The excellent 2016 film Hidden Figures starred Taraji P. Henson and Octavia Spencer, and was based on the women “computers” (that is what they were called) who worked behind the scenes to calculate trajectories for the first U. S. manned rocket flights. What you were seeing written on the chalkboards in that film was mostly the mathematics of differential and integral calculus being done tediously by hand, at a time when digital computers were still not quite up to the task.
For this mathematics, we have to thank two “polymaths” from near the turn of the 18th century, Isaac Newton (1642–1727) from Great Britain and the lesser-known German Gottfried Leibniz (1646–1716). Polymaths in that era wrote without boundaries about science, mathematics, philosophy and religion. Newton and Leibniz knew of each other, and they apparently disliked each other, each accusing the other of stealing their work on the mathematical discipline of calculus.
Calculus is the study of limits, integrals and derivatives so important to the description of things as simple as curved lines or as complex as the originating forces of the universe. Despite Newton getting the lion’s share of credit historically, it is the mathematical notation system of calculus created by Leibniz that survives in common use today.
Newton famously used calculus to demonstrate that the mathematics describing the arc of a rock thrown up and then descending down to Earth by gravity is the same mathematics that describes the path of the Moon traversing around the Earth, and also the path of each planet going around our Sun. Not to mention the future manned rocket ships of the film Hidden Figures, requiring a roomful of bright, underpaid, minority women to process the trajectory math determining the life or death of the first U. S. astronauts. Without yet being able to quite explain gravity, Newton was able to mathematically describe it.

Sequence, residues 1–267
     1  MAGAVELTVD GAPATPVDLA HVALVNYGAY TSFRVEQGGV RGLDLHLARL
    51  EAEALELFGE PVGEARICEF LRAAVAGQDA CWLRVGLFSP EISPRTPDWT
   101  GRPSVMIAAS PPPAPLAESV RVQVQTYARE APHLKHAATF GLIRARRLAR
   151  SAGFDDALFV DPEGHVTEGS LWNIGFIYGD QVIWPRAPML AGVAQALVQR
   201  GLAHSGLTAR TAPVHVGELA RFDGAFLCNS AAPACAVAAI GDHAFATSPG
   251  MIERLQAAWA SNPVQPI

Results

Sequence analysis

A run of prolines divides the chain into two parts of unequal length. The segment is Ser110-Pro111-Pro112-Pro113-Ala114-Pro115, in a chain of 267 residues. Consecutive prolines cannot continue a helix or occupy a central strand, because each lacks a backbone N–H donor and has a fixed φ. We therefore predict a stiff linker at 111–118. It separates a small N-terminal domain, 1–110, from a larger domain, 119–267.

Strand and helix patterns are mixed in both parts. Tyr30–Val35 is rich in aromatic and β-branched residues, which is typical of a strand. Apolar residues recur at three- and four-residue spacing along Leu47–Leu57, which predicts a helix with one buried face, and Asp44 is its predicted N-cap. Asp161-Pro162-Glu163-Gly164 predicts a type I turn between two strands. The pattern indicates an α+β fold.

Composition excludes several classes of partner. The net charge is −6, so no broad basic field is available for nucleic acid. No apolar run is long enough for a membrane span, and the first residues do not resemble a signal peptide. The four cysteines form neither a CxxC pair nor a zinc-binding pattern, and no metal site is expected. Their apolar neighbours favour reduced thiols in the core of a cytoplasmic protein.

Newton also interspersed his mathematical writing with a lot of “God language,”  seeing his mathematics describing a divinely-designed universe as a finely-tuned mechanism. He also dabbled in the occult and alchemy, so even at the time his religious views were seen as suspect by religious authorities.
Gottfried Leibniz took a different tack with this new math of calculus as well in his “God language,” coining the term Theodicy in his classic 1709 book of the same name.  Theodicy literally means “the justice of God,” and he mashed his concepts of mathematical calculus into his theological/philosophical explanation for the existence of both good and evil in this world.
Leibniz perceived the net effects trading off from competing good versus evil in the larger universe as forming an arc of “possible worlds,” with a poor mix on either end rising to an “optimal” mix somewhere in the middle. You can’t have “good,” he said, without some standard of “evil” to compare it against, and vice versa. His conjecture of a natural minimum point on a “curved line” for evil competed with a natural maximum point for the countervailing good, pointing to a single optimum point he called “the best of all possible worlds.”